Getting it From Both Sides

flat-possumI alternate between being amused and depressed when reading comments on blogs.

Of late, I’m simultaneously being lambasted by conservatives who’ve read me for years and can’t believe what an apologist I’ve become for Obama and denounced by liberals who used to respect me as fairminded and can’t believe what a stooge for the GOP that I’ve become.

Sigh.

I’m not sure whether this is proof of the old adage that being middle-of-the-road gets you run over from both sides or a function of being situationally radical.

FILED UNDER: General
James Joyner
About James Joyner
James Joyner is Professor and Department Head of Security Studies at Marine Corps University's Command and Staff College and a nonresident senior fellow at the Scowcroft Center for Strategy and Security at the Atlantic Council. He's a former Army officer and Desert Storm vet. Views expressed here are his own. Follow James on Twitter @DrJJoyner.

Comments

  1. odograph says:

    I haven’t dinged you too much lately, other than for relatively small ‘point of facts.’ That might be a sign that you aren’t too far from “my” middle.

  2. Hoodlumman says:

    James, why don’t you go and cry your tears into your Obama coffee mug!!

    😉

  3. James Joyner says:

    Heh. Well, I do have a “Foreign Affairs” coffee mug (actually, two of them from about 15 years apart). That could be interpreted as a subtle homage to Obama’s lineage, I suppose.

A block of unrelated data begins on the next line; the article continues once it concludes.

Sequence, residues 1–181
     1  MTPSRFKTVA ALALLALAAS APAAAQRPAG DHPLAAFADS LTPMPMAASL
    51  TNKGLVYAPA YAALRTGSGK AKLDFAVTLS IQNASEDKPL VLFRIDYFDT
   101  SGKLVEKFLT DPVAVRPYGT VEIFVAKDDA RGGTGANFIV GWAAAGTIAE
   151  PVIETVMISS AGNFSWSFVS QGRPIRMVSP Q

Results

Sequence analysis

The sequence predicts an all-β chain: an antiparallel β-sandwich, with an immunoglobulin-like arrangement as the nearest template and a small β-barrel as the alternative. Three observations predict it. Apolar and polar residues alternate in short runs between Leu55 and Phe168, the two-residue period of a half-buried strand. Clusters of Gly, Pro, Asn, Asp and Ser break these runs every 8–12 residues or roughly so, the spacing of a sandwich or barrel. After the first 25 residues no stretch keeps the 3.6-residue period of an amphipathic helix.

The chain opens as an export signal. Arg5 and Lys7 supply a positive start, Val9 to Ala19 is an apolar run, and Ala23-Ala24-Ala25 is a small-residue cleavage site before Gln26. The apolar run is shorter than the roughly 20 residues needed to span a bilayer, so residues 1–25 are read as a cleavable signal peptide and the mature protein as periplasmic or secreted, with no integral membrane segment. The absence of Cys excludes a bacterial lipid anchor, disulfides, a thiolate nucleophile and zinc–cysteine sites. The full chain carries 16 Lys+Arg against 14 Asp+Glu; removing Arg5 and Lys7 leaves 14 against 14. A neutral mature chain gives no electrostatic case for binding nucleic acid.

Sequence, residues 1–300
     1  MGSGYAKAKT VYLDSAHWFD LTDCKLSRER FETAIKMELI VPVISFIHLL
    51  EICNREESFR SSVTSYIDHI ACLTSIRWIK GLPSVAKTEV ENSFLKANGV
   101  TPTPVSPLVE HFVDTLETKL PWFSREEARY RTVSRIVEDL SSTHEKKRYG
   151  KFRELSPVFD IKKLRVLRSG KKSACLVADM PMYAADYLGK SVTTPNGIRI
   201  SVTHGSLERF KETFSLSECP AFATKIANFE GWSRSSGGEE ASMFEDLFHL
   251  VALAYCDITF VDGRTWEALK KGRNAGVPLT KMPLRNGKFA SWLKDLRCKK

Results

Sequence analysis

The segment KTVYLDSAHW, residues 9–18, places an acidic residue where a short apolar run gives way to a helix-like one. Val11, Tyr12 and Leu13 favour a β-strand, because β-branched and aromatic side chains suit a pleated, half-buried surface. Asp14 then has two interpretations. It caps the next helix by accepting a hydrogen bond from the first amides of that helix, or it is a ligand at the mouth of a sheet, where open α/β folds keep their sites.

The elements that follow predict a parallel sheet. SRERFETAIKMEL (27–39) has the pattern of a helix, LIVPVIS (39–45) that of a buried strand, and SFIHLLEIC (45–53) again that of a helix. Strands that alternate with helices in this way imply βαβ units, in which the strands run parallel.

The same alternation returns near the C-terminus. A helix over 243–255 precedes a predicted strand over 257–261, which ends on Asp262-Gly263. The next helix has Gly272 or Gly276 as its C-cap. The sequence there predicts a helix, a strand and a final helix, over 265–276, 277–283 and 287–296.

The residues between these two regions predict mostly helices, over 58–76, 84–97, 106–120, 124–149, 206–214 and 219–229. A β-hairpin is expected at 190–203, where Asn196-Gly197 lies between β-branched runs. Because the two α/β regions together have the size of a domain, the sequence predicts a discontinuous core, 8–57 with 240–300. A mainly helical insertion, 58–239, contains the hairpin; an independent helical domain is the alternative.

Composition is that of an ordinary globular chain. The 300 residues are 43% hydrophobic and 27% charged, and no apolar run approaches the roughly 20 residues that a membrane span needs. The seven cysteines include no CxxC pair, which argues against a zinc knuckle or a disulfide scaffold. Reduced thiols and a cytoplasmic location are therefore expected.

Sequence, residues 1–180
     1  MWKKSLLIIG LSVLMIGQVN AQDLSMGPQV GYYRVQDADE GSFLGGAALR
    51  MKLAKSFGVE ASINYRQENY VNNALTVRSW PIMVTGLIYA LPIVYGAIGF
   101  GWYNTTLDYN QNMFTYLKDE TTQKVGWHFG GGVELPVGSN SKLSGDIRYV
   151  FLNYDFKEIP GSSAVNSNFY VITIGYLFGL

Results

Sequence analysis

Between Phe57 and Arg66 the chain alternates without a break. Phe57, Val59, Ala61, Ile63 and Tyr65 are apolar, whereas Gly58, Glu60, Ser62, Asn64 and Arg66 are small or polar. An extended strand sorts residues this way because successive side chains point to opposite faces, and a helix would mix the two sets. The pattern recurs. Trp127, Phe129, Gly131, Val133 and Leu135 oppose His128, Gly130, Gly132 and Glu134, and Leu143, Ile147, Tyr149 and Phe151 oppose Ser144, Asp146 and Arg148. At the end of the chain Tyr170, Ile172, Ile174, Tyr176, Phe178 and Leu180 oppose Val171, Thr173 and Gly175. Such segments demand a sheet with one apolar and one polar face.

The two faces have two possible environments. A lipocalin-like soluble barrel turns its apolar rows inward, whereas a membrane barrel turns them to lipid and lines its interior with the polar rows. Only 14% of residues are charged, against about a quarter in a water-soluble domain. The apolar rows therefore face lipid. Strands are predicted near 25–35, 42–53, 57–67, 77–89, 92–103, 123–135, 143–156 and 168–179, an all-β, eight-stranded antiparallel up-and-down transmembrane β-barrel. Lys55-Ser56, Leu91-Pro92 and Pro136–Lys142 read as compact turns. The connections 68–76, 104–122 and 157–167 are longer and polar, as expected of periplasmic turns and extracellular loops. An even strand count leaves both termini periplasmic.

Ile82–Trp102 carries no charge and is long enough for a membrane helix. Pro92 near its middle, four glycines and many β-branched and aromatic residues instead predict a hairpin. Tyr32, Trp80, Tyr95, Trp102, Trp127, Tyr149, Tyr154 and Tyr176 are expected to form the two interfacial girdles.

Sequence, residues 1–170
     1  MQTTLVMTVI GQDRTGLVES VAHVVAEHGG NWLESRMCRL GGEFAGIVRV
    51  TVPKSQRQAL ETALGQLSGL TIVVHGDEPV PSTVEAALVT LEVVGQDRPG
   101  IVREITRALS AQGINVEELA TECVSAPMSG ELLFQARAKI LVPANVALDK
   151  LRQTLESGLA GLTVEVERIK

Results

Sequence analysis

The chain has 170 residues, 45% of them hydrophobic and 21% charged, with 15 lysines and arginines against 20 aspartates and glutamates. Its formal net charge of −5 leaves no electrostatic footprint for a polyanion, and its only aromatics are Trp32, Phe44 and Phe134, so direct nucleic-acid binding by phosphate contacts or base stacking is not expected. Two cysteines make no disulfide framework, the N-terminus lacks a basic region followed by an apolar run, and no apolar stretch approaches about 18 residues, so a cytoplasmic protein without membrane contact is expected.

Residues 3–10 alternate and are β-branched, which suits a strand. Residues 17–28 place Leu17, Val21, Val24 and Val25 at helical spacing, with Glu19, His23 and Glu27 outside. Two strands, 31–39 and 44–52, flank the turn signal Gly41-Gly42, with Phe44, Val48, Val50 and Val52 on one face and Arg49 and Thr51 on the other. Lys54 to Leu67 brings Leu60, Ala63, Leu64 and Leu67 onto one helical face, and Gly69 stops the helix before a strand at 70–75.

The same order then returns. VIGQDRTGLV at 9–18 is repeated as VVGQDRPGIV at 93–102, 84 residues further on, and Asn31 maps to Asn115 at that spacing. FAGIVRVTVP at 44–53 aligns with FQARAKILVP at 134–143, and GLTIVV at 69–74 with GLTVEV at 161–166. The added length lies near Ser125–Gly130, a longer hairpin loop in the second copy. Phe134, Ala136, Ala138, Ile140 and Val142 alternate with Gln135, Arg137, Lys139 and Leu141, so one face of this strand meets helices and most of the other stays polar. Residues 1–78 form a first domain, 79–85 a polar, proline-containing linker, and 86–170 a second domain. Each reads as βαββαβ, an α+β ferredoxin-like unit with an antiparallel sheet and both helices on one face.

4. At least you haven’t been called a nihilist… yet.

  5. M1EK says:

    Or it could just be false equivalence, as is often the game played by Republicans who want to appear moderate to the real centrists.

  6. Furhead says:

    Just keep calling ’em as you see ’em, please.

  7. Mark says:

    James – I just took a cursory look over what you’ve written in the past week or so, and it’s not surprising that you’re drawing flak from reasonable Democrats. You went through some impressive gymnastics to defend Wilson, white-washed the very real race-discrimination that Karl Rove pushed to win by a thin margin in Ohio, and then found a way to attack Obama’s speech to kids.

    You’re splitting the difference between rational and insane behavior, drawing a false moral equivalence between the two and then complaining that both insane and rational people are mad at you. Sometimes “centrism” is being moderate, and sometimes it’s just being too cowardly to take a real opinion.

    You do not appear to be any more of a “moderate” than someone like Susan Collins, who votes with the President but arbitrarily demands that something be removed from his legislation – not because it makes policy sense but because she needs something to score fiscal conservative points with.